Wed07302014

News

LASD, BCS boards finalize 5-year agreement

LASD, BCS boards finalize 5-year agreement

Bullis Charter School board members unanimously approved a five-year agreement with the Los Altos School District just before midnight Monday. The agreement, also unanimously approved by LASD trustees earlier in the evening, outlines facilities uses ...

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Schools

MVLA rolls out laptop integration this fall

MVLA rolls out laptop integration this fall


Town Crier File Photo
Starting in the fall, daily use of laptops in the classroom will be standard operating procedure for students at Los Altos and Mountain View high schools as the Mountain View Los Altos Union High School District launches a pil...

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Community

Generations blend behind the scenes at 'Wizard of Oz'

Generations blend behind the scenes at 'Wizard of Oz'


Altos Youth Theatre and Los Altos Stage Company rehearse a scene from “The Wizard of Oz.” ELIZA RIDGEWAY/ TOWN CRIER

A massive troupe of young people and grownups gathered in Los Altos this summer to stage the latest iteration of a childhood sta...

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Sports

Football in July

Football in July


Town Crier file photo
Mountain View High’s Anthony Avery is among the nine local players slated to play in tonight’s Silicon Valley Youth Classic.

Tonight’s 40th annual Silicon Valley Youth Classic – also known as the Charlie...

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Comment

Pools should be included: Editorial

Los Altos residents should be receiving calls this week from city representatives conducting a survey to determine priorities for a revamped Hillview Community Center.

Notice that we did not say “civic center” – chastened by a lack of public support...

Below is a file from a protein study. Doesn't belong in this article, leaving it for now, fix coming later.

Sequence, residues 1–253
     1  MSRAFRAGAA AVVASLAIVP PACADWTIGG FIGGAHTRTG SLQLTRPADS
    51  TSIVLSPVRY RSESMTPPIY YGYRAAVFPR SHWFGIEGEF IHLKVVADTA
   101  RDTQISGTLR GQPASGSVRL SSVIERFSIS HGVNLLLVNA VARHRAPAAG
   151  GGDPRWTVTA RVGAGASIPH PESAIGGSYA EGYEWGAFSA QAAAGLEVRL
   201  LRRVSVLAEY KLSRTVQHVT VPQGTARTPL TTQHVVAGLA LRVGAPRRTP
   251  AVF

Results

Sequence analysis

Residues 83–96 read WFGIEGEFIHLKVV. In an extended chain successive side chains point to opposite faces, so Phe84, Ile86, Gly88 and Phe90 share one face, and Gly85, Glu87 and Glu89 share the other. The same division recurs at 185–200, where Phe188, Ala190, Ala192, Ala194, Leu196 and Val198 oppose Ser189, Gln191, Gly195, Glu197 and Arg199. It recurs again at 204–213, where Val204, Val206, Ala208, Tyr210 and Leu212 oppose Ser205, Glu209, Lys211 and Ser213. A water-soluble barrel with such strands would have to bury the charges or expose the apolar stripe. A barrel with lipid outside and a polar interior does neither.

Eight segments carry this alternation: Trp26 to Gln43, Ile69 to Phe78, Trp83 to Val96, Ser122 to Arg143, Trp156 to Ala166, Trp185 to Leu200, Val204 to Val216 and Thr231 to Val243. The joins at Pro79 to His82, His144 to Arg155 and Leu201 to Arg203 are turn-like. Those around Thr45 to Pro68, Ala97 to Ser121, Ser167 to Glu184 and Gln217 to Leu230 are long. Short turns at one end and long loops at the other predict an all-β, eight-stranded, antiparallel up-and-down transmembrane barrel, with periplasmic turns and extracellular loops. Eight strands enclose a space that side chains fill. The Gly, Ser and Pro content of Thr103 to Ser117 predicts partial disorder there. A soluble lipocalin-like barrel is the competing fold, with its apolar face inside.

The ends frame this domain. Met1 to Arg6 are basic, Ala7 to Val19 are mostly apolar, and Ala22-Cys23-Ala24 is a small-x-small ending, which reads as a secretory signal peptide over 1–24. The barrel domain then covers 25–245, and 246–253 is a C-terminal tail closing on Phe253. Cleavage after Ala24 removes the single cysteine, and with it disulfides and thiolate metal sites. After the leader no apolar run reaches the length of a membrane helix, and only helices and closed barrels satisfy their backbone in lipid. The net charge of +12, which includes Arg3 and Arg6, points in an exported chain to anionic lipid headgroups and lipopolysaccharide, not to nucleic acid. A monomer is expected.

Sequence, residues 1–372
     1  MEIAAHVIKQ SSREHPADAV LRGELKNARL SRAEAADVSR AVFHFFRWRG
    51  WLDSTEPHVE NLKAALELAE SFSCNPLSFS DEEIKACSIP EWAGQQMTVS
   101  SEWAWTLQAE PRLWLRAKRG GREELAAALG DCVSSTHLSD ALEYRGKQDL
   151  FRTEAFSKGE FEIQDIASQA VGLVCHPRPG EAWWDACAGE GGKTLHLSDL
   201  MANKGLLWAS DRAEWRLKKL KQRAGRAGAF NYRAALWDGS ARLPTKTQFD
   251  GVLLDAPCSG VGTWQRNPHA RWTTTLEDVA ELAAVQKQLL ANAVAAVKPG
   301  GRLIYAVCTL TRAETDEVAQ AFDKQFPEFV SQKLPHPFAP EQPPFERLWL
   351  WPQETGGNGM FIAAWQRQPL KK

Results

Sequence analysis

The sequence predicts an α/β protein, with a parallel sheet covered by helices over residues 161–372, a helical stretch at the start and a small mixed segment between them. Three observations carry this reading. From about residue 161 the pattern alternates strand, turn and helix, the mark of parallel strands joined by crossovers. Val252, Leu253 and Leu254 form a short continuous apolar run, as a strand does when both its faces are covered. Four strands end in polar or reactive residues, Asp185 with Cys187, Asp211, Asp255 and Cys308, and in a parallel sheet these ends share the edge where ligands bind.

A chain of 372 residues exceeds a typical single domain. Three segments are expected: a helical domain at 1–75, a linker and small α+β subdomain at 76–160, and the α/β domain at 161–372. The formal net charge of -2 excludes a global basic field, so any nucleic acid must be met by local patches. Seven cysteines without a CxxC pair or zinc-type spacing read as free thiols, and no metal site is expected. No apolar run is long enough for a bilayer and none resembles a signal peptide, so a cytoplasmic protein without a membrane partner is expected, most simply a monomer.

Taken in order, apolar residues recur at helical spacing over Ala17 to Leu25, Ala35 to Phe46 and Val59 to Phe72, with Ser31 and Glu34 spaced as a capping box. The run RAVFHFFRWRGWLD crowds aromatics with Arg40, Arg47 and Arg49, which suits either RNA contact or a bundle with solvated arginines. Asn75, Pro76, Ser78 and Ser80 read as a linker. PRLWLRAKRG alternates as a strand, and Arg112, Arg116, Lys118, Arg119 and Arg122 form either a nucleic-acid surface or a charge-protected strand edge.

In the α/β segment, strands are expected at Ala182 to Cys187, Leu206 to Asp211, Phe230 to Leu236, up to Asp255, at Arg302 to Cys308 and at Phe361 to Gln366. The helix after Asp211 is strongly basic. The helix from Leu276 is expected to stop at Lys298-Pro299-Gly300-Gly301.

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Special Sections

Looking for life without lows, local diabetic tests artificial pancreas

Looking for life without lows, local diabetic tests artificial pancreas


Photo by Ellie Van Houtte/Town Crier
Dr. Trang Ly, left, reviews blood sugar readings on a smartphone with Los Altos resident Tia Geri, right, and fellow participant Noa Simon during a closed-loop artificial pancreas study for Type 1 diabetics.
...

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Business

Palo Alto law firm coming to 400 Main

Palo Alto law firm coming to 400 Main


Ellie Van Houtte/ Town Crier
Longtime Palo Alto law firm Thoits, Love, Hershberger & McClean plans to open an office at 400 Main St. in Los Altos after construction is complete in November.

A longtime Palo Alto law firm plans to expand int...

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Books

"Frozen in Time" chronicles harrowing WWII rescue attempts


Many readers can’t resist a true-life adventure story, especially those that shine a spotlight on people who exhibit supreme courage in the face of adversity and end up surviving – or not – against the odds.

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People

CARSTEN HUGHES

Long time Los Altos resident, Dr. Alfred Hughes, died May 1st after a long illness. Dr. Hughes was born in 1927 in Maspeth, NY. He served in the US Army from 1945-6, attended Brooklyn Polytechnic University, then graduated from Reed College in Portla...

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Travel

Travel Tidbit: Ritz-Carlton, Lake Tahoe offers spa getaway

Travel Tidbit: Ritz-Carlton, Lake Tahoe offers spa getaway


Courtesy of Ritz-Carlton
The Ritz-Carlton in Lake Tahoe offers fall getaway packages that include spa treatments and yoga classes.

Fall in North Lake Tahoe boasts crisp mornings and opportunities to spend quality time in the mountains. Specially ...

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Stepping Out

PYT stages 'Shrek'

PYT stages 'Shrek'


Lyn Healy/Spotlight Moments Photography
Dana Cullinane plays Fiona in Peninsula Youth Theatre’s “Shrek The Musical.”

Peninsula Youth Theatre presents “Shrek The Musical” Saturday through Aug. 3 at the Mountain View Center for the Performing Arts...